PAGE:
Getting Back to Ourselves

Getting Back to Ourselves

In this week’s Torah portion, God says to Abraham, “Go forth from your native land and from your father’s house to the land that I will show you” (Gen. 12:1). In the original Hebrew, the first phrase is “Lech Lecha” – literally “go forth go forth.” The Torah has a double imperative, which in Biblical Hebrew, intensifies the meaning.

A mystical teaching on this reinterprets that second “go,” seeing it not as a doubled command but rather as the homophone that means “to you.” The phrase then becomes: Go to yourself. Leave everything that you know, and go back to yourself.

I spend a lot of time these days talking with congregations, Federations, and Jewish institutions. Mostly, I hear how things are going and what they’re worried about. From community members’ perspective, reopening might simply be turning on the lights. For our communal institutions, there’s a terrible dread: Maybe no one will come back. Maybe everyone has dropped the habit of Jewish life and has found they like it better at home.

The truth is, there’s reason to worry. In-person attendance numbers still lag significantly behind pre-pandemic numbers. One Federation employee I spoke with said her friends are asking why they even pay synagogue dues anymore because they aren’t getting anything out of it. Her story is not unique: All across North America, Jews are wondering this. They are tired from 2.5 years of the pandemic. Their lives have been upended. They’ve shrunk their social circles. It takes a lot more out of them now to leave the house and go to a gathering with people they don’t know. If they do venture out, it better be nourishing, comforting, rewarding, and meaningful.

I’ve seen some synagogues respond to this by getting into the entertainment cycle as a way of attracting attendees. Meaning they try to put on the very best show. When not as many people show up, the next time, they spend even more of the budget, market even harder, or increase the perks. I spoke with a staff member from a large synagogue whose recent tot Shabbat program included a locally famous Jewish song leader and a live petting zoo! Together, we realized that those things might have been a draw, but what young families would have appreciated at least equally was the chance to have a low-key evening, sharing meaningful conversation and a little wine with other parents while someone watched their kids.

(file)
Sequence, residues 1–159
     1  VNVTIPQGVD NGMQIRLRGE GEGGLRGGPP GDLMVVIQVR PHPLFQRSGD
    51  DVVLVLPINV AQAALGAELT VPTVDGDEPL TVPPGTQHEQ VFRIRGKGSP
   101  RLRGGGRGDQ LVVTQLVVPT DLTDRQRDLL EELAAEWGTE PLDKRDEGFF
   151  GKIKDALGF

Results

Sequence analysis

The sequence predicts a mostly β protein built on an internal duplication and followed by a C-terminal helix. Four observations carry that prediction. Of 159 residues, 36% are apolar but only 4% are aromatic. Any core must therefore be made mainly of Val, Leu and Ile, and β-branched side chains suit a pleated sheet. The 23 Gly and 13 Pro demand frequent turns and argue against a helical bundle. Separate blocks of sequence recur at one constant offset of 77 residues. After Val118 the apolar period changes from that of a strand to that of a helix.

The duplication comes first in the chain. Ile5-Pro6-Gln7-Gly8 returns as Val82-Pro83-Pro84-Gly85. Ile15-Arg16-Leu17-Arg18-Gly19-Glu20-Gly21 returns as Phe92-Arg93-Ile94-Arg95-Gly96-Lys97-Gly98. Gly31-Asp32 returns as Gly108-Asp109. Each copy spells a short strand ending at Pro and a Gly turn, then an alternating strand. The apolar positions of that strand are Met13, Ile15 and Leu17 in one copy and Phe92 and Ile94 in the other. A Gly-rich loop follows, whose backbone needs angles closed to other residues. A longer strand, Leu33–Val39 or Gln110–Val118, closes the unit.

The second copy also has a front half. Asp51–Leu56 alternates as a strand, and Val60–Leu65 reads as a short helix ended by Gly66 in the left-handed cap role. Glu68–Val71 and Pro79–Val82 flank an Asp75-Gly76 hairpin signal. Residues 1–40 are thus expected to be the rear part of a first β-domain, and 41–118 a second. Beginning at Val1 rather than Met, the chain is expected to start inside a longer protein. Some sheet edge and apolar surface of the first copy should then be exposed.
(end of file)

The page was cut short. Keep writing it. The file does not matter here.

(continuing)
By necessity, we’ve gone out in the last 2.5 years and left behind everything that we know about Jewish community. Now is the time to get back to ourselves. There’s a reason that in the Midrash, Abraham has to smash his father’s idols. He has to smash the things that were keeping him from finding his true self.

What could we do if we allowed ourselves to smash the idol of believing that we are in the event planning and entertainment business? We could remember our highest purpose, our truest self. We could remember that Jewish community is for making friends, caring for each other, supporting each other in times of trouble, and celebrating each other’s joys. It’s a way to commit to something greater than ourselves. And we could design our programs, groups, gatherings, and organizational structures around those goals. Jewish professionals and clergy are not in the event planning business; we are in the belonging business. It’s time we get back to ourselves.


Rabbi Julia Appel

Rabbi Julia Appel is Clal's Director of Innovation Training and Curriculum, helping Jewish professionals and lay leaders revitalize their communities by serving their people better. She is passionate about creating Jewish community that meets the challenges of the 21st century – in which Jewish identity is a choice, not an obligation. Her writing has been featured in such publications as the Canadian Jewish News and the Forward.

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